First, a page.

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Amid Skepticism, MN Banks Respond to Calls for Change

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The Community Reinvestment Act of 1977 made all "redlining" practices illegal. But observers say minorities still face unfair obstacles in accessing capital. According to a 2017 report from the Federal Reserve, black-owned businesses are twice as likely to be rejected for loans. (Adobe Stock)
The Community Reinvestment Act of 1977 made all "redlining" practices illegal. But observers say minorities still face unfair obstacles in accessing capital. According to a 2017 report from the Federal Reserve, black-owned businesses are twice as likely to be rejected for loans. (Adobe Stock)
 By Mike Moen - Producer, Contact
June 16, 2020

MINNEAPOLIS -- Racial disparities in Minnesota were getting more focus before the police killing of George Floyd. Black entrepreneurs hope the increased awareness raised by national and worldwide protests will turn the heads of larger banks so communities of color will see more investment.

A number of bank presidents in Minnesota have issued statements pledging to help end any systemic racism within their sector. Kenya McKnight, CEO of the Black Women's Wealth Alliance, said regional banks do well helping nonprofits, but she said there's not enough direct help for black business owners.

"I just feel like there's a lack of value that some of these larger institutions have on our cultural market," McKnight said. "They look at the businesses and they go, 'Is it a viable business?' And the viability of it is based on the broader market. And the broader markets are determined greatly by the dominant culture."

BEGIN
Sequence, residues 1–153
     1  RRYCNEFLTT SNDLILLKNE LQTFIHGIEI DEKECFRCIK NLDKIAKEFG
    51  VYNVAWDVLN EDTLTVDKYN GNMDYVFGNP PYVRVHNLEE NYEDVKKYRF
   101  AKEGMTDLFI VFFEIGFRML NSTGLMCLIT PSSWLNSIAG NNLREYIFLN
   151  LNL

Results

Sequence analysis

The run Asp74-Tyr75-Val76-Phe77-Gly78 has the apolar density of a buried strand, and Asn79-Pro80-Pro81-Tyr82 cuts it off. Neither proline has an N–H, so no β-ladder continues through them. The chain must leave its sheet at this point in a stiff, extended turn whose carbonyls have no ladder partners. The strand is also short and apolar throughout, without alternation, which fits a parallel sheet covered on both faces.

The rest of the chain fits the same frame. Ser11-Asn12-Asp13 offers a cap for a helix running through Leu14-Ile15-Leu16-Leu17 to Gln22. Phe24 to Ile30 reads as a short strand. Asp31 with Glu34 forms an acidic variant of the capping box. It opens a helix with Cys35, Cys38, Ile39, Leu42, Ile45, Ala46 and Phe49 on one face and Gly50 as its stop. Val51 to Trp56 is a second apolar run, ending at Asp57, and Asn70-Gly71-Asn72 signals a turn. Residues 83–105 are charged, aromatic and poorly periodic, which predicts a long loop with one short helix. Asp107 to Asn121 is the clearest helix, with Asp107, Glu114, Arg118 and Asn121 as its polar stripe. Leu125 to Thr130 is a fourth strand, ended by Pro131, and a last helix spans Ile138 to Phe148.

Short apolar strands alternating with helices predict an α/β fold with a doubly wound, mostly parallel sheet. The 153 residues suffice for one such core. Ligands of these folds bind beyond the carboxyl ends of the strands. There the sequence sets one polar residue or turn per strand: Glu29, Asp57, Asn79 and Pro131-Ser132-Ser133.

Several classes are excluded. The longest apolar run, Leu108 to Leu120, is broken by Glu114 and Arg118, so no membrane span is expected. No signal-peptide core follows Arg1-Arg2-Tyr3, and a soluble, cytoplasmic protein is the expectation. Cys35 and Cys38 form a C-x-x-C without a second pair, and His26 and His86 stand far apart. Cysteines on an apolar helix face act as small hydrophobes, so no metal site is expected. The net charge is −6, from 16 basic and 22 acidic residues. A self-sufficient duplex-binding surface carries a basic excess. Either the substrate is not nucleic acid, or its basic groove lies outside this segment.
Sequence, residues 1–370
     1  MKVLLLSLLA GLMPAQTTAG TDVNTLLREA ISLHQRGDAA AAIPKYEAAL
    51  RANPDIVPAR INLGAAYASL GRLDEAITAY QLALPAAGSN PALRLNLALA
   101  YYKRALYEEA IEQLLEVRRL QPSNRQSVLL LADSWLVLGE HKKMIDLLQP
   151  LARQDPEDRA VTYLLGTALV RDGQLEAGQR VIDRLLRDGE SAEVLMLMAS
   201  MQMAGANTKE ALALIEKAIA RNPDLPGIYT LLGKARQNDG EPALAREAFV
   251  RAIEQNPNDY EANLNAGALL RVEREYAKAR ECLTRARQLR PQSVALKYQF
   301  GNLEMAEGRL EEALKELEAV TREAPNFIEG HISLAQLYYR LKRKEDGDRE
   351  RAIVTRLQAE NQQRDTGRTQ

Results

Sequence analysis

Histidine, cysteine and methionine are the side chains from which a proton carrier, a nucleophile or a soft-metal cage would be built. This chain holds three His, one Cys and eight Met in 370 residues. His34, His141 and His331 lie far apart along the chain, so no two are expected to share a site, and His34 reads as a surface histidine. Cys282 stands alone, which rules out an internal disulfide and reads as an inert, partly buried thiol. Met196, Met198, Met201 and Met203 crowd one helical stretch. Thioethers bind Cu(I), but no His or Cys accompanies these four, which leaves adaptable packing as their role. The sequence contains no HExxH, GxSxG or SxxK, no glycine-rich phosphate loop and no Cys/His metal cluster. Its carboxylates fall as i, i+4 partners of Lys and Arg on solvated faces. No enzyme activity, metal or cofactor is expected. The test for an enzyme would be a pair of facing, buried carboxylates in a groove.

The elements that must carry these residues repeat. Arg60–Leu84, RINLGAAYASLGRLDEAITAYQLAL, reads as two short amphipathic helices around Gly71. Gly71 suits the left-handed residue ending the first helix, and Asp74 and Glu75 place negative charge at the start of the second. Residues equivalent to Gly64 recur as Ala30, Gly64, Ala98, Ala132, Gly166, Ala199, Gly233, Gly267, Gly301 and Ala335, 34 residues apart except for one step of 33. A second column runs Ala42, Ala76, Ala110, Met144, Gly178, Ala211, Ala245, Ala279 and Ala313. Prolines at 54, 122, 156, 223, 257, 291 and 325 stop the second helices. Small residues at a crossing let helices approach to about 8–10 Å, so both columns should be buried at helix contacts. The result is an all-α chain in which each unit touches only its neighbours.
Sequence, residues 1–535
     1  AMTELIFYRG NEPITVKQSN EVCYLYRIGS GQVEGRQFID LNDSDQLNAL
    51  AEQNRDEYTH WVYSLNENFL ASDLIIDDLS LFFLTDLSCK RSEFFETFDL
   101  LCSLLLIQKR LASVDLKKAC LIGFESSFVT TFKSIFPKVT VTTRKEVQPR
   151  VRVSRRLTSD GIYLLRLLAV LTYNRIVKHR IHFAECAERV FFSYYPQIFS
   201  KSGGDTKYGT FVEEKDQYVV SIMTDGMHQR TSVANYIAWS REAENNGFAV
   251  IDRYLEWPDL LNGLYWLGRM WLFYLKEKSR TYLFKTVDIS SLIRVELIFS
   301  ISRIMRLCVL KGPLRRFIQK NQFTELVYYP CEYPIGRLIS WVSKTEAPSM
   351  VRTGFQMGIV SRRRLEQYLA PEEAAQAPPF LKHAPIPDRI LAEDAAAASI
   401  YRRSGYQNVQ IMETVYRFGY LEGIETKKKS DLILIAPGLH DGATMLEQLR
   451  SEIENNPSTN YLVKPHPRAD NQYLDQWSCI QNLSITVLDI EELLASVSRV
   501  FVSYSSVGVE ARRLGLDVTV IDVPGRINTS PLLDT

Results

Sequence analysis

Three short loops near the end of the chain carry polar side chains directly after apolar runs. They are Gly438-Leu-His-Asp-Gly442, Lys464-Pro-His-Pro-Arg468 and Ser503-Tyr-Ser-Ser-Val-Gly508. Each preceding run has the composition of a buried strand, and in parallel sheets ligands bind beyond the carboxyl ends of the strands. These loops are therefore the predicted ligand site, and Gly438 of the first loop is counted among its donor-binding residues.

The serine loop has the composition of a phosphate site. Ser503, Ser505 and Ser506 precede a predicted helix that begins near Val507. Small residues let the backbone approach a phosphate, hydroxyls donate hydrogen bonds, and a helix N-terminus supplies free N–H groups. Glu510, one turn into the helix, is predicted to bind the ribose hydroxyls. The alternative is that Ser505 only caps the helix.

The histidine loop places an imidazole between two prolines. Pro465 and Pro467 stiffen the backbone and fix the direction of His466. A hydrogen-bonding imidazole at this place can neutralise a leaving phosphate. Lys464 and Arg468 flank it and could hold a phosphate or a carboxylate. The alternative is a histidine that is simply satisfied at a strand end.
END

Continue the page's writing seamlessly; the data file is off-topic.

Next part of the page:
Unlike home loans, where the financial system also has a history of discrimination, banks say regulations prevent them from collecting the racial background of business loan applicants. They point to high grades they earn under the federal Community Reinvestment Act, which urges banks to invest in low- to moderate-income communities.

But McKnight said the act doesn't do enough to spur investment in black neighborhoods that have struggled to build wealth.

Making a Pledge

Jeanne Crain, CEO of Bremer Bank, said there's no denying the nation's banking system has a history of redlining, a practice now considered illegal due to federal laws such as the CRA.

Locally, Crain said her company has made strides through partnerships with organizations such as Habitat for Humanity in serving minority communities. She added the Bremer's board has a presence on the Metropolitan Economic Development Association, which supports businesses of color.

Moving forward, Crain said Bremer is establishing a plan that includes increased investment in businesses owned by historically underrepresented groups. And they plan to identify ways to better serve areas where they have lacked a presence in the past.

"I'm very interested in trying to understand how Bremmer determines a geographic presence that really speaks to and leans into serving black-owned businesses," Crain said.